Thanks, Peter,

Yes, I think lust was a good translation at the time, meaning "desire." And Jim West has kindly confirmed by email that Zwingli wrote,

un zu deinem man deine gelust oder begird

All that I am trying to show is that Bushnell has missed some of the details here, and it could be cleared up.

Overall, I think Bushnell's work is very good, but this detail has always puzzled me.

Suzanne McCarthy said...

Tyndale also used lust, and I have now seen from other writing of his that lust did not have a negative connnotation for Tyndale.

Martin Shields said...

It seems likely that "turning" derives from a misunderstanding of תשוקה or else either a misreading of it as תשובה (which is sometimes rendered in the LXX by αποστρπφη as תשוקה is in Gen 3:16; 4:7) or else the appearance of that term in its Vorlage. The Targum's use of תוב also points to the Hebrew root שוב.

So I think that these do not offer much assistance in understanding תשוקה in these passages.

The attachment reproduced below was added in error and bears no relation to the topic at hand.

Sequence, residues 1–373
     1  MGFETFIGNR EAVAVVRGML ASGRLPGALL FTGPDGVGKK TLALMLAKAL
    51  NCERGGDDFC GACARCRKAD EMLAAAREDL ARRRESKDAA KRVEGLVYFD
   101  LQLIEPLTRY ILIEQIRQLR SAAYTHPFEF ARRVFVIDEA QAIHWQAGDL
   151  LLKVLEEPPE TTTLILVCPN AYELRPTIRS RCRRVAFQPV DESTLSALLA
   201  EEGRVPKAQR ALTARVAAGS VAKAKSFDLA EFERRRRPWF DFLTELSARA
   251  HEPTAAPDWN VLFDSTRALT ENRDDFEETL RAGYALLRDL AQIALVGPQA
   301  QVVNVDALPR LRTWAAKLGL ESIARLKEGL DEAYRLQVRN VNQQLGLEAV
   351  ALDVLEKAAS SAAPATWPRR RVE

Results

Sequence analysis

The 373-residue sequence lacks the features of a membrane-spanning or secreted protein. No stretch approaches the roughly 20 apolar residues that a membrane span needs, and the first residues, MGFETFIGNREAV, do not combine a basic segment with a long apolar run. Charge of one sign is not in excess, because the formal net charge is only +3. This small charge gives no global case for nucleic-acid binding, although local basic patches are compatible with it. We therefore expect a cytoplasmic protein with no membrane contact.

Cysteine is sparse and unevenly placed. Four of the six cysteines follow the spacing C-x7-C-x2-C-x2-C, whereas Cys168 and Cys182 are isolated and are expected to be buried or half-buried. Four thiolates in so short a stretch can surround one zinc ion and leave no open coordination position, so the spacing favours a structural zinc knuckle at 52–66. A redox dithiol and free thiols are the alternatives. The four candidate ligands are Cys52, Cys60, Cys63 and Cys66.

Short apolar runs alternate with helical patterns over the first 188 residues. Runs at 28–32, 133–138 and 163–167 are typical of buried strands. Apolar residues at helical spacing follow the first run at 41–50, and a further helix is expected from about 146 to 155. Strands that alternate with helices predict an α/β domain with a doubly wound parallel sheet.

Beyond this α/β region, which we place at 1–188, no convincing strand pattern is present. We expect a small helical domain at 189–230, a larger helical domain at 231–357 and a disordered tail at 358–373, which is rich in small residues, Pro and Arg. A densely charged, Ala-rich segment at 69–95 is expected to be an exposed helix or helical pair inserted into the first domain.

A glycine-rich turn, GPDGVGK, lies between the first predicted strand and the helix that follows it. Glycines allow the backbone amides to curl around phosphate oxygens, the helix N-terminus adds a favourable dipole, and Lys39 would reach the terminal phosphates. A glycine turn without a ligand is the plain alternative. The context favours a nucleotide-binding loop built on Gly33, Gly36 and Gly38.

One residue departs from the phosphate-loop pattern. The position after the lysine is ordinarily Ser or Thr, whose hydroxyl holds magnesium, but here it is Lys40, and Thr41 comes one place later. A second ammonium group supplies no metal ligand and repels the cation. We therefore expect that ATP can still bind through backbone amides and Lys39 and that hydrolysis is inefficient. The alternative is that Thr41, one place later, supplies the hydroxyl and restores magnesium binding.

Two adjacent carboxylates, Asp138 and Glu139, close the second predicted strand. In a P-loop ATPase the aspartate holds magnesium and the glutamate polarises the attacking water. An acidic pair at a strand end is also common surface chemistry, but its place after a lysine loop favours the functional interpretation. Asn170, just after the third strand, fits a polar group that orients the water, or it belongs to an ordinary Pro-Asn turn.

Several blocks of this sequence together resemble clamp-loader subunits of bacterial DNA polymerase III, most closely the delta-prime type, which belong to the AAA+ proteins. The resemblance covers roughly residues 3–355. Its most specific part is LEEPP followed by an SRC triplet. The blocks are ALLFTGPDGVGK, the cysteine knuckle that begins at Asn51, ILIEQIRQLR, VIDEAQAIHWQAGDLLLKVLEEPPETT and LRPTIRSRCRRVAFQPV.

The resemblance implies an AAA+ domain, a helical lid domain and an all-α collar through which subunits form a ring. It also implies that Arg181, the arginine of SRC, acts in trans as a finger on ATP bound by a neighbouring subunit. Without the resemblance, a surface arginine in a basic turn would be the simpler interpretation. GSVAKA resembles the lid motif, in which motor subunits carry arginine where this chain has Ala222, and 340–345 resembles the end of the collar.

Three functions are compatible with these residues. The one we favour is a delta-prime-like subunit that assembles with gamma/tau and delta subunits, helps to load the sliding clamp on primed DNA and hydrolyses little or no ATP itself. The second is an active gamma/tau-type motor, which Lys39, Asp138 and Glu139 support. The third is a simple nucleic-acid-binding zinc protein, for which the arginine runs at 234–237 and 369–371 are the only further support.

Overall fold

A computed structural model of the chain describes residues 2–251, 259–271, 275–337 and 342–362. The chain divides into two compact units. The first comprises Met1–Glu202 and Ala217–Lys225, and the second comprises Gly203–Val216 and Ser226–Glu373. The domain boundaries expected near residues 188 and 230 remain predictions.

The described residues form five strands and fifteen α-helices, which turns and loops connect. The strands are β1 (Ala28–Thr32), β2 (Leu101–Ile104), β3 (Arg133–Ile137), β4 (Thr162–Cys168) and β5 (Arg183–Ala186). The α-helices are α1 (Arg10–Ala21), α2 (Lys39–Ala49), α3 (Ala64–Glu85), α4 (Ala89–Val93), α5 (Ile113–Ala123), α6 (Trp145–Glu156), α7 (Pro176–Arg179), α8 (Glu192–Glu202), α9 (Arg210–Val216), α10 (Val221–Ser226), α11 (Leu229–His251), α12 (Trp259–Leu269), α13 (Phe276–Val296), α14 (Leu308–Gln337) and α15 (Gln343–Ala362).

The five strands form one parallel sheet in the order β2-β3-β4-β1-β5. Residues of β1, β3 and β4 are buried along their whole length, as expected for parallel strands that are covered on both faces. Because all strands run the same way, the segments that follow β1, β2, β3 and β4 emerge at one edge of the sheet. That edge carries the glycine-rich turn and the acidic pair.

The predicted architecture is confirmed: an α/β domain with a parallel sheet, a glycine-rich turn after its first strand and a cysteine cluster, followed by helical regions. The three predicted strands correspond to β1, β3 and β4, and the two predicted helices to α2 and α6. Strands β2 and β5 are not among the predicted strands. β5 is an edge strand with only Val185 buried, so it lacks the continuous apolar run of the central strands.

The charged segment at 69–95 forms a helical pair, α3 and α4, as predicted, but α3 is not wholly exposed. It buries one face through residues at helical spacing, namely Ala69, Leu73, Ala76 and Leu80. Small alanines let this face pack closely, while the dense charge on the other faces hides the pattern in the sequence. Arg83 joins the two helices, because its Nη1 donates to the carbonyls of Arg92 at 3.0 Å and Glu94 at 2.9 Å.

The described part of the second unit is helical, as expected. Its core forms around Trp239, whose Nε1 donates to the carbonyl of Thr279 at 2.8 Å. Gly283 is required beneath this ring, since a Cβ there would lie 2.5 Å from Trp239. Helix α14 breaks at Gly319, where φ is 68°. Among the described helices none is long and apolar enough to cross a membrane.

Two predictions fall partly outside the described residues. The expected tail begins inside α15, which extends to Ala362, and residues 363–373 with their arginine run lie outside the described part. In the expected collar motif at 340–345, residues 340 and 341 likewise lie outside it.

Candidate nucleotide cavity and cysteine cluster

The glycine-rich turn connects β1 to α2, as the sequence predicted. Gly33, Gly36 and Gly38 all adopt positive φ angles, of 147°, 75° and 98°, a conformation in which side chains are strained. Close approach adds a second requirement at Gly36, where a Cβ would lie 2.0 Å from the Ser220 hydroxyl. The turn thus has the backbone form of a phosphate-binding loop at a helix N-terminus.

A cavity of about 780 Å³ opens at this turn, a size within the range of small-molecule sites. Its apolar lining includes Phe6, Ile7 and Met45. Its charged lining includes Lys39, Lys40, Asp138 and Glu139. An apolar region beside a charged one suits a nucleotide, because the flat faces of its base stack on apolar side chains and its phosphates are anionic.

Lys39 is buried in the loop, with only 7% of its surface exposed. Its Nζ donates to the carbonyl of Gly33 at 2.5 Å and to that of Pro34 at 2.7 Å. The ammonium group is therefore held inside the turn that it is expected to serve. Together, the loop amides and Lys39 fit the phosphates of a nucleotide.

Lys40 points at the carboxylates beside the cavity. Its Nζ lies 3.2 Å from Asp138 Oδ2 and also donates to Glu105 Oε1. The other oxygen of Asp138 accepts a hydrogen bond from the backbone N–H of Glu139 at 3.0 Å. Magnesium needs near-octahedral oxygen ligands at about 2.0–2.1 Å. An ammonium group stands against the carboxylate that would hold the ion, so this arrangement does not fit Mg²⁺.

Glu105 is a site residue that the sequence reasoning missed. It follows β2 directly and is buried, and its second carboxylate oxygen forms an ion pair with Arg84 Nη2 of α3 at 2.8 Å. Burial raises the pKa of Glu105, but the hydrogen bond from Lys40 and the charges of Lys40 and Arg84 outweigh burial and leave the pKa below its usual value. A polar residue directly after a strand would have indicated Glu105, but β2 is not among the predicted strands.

Further, the appearance of the term in Song 7:11 is not particularly strong evidence that "desire" is appropriate since the Song elsewhere uses otherwise harsh language which is transformed in the context of a love song into a means by which the emotional depth of the message is expressed.

Suzanne McCarthy said...

I understand you to say that neither "turning" nor "desire" is the meaning? Is that right?

My main purpose in this post, is to ask if Pagnini and so on used a translation that was pejorative to women. I don't think they did. They thought that is what the word meant. Don't you think? Even if they were wrong.

Martin Shields said...

I don't think "turning" is right, but "desire" is such a vague word that it's hard to say it isn't right, although it is probably not sufficiently precise (I think sexual desire is probably not correct, it doesn't work in Gen 4:7, but you can desire all sorts of things!).

Given that the English "desire" in Gen 3:16 has prompted such a diverse array of interpretations (psycho-sexual desire, desire for intimacy, desire to dominate, craving, and so forth), I suspect it is difficult to be too dogmatic about how earlier translators understood the language without more information that I have at hand. So while I don't think desiderium necessarily implies "lust" or something like that, and I wouldn't read it that way, I can't rule out that sort of understanding for Pagnini. I'd need to know more about what he said about Gen 3:16 to get a better idea of precisely what nuances he attached to the term!